Wednesday, February 27, 2008

Is the 2008 presidential election bad for feminism?

I hear you out there--wondering if I'm crazy.

How can having a smart and accomplished woman a hair's breadth away from the Democratic nomination be bad for feminism? How can having America's ingrained gender prejudices dragged into the light be bad for feminism? I'll tell you how:

The 2008 presidential election could be bad for feminism because as it has put a capable woman in the national spotlight and uncovered gender bias, it has also revealed and given voice to the prejudices of mainstream feminism. And those prejudices are alienating women who passionately want equality.

I firmly believe that marginalized groups--women, people of color, GLBT folks, immigrants, etc.--ought to have uncommon empathy for each other and should work together towards the common goal of equality. That's why I am saddened when I hear some of my black sisters and brothers spouting homophobic rhetoric, and equally distressed when I see how some in the white gay community have embraced the patently offensive Shirley Q. Liquor character. (Read Jasmyne Cannick's awesome post on this modern-day minstrelsy here. Thanks to Mr. Shadow.) We're not going to get to the mountain top that way.

But it never fails to amaze me how tone deaf one group of marginalized people can be to the plight of other oppressed groups. The Democratic nomination, which has a white woman competing with a black man, has left me feeling that my acceptance by many white feminist sisters is predicated on my marching in lock step with the mainstream and ignoring my black self. I am frustrated and angry--angry enough to take the word "feminist" out of my blog profile. And on the eve of the Women's History Month blog carnival dedicated to healing tensions within the movement, I am still too frustrated to put it back.

I am angry because whether it is Gloria Steinem in The New York Times, Erica Jong on Huffington Post, or random posters on feminist and progressive Web sites, I am being subtly and not-so-subtly told that:

- Racism is not as important as sexism
- A vote for Hillary Clinton is the only history-making vote at stake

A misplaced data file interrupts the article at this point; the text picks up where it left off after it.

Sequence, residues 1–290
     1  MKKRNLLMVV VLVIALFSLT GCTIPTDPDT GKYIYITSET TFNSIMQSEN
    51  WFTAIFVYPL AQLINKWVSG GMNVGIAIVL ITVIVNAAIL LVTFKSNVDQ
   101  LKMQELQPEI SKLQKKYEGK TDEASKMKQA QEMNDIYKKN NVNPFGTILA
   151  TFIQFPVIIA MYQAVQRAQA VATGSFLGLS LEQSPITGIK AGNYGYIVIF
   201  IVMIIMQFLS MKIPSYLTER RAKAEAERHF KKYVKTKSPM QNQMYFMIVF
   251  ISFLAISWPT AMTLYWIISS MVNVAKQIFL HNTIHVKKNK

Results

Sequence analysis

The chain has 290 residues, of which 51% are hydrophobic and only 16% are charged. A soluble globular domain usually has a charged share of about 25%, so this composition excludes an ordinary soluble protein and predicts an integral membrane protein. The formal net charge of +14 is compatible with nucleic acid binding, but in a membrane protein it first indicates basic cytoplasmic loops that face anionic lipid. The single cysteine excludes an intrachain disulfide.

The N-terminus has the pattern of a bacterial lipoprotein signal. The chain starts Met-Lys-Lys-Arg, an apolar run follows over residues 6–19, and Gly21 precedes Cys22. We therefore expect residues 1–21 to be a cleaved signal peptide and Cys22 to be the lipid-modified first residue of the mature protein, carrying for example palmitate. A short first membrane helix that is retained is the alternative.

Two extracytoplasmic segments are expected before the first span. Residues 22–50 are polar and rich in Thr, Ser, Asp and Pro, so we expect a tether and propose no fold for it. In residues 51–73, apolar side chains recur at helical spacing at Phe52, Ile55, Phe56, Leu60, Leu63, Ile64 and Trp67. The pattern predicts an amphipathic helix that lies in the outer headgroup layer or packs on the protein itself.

- White women are more oppressed as a group than black men
- The only vote for true feminists is a vote for Hillary Clinton
- Feminist = white woman
- The needs of black women don't count
- Black people who vote for Barack Obama are doing so only because of his race
- Other people who vote for Barack Obama (women and men) are doing so only because of misogyny

Consider the not-so-uncommon comment from a Feministing poster re: Tina Fey's "Bitch is the new black" bit on last Saturday's SNL:
As feminists, we have worked our whole lives for this moment. Our
foremothers fought for us to have this moment. We have an amazing woman running for the office of the president. Not just any woman running, but the most
qualified candidate in years. I cannnot believe the cowardly way women are
rolling over to appease the male media. Don't vote your vagina, but no one is
saying don't vote your skin color. On the contrary what black man or woman is
not voting for Obama (90%!)? Which I fully support as they have fought their
whole lives for this moment. But they have vision and clarity, and we are chcken
shits. We lack the courage of our convictions to make this moment ours. I am
proud of black America right now, but disgusted by women.

I don't really get the lame "I can vote who I want" BS as it is just a
way to appease your mind that you failed to act. Excuse it all you like, in
history, you prevented a great moment from happening. One that we could have
shared with our daughters. But now, our daughters know, they are not able to be
representations of "cool" "hip" or "inspirationsal". What this election has
shown us is we all end up shrill, bitchy, women. Thank you feminsts, what a
legacy we have created for the future.

When the weaker candidate messes up in his first term, I will be sure
to proudly disply my "Don't blame me, I voted for Hillary" bumper sticker!
Notice how black women are grouped with black men as "other." Notice that the appeal to "vote Hillary for our daughters" seems not to include mothers of black or bi-racial children. Frankly, I think either a Clinton or Obama win will send a powerful message to my young stepdaughter and my nieces. Notice how the fact that Hillary Clinton once held the majority of the black vote, particularly the black female vote, has been forgotten. Now all black people are voting for Obama, the once "not black enough" candidate, out of racial fealty. Notice how Obama, despite having more legislative experience than Clinton (11 years vs. seven), is being painted as a figurative "affirmative action hire" with few skills and a free ride.

This is why I am angry: Because it seems like some of my white feminist sisters are beckoning me to join the movement with one hand, while throwing racist bombs with the other; and because my feminist bonafides are questioned, yet Hillary Clinton can stand on stage with Bob Johnson who made his fortune by denigrating black women as bitches, hoes and sex objects and still be a feminist icon.

I am alienated from the feminist movement. And I am hurt. And many women like me feel similarly. So, where will we all be after the Democratic convention, when we have to go back to fighting together for equal pay, reproductive rights and other issues? How long will the scars take to heal? My experience over the last few months, I admit, has colored my view of feminism and left me searching for something else--some other movement that will embrace me as I embrace it. If women like me are doing the same, what does that mean for the feminist movement?

I know we have to come together. But how?

Have something to say? Consider making a submission to the Come Together blog carnival.

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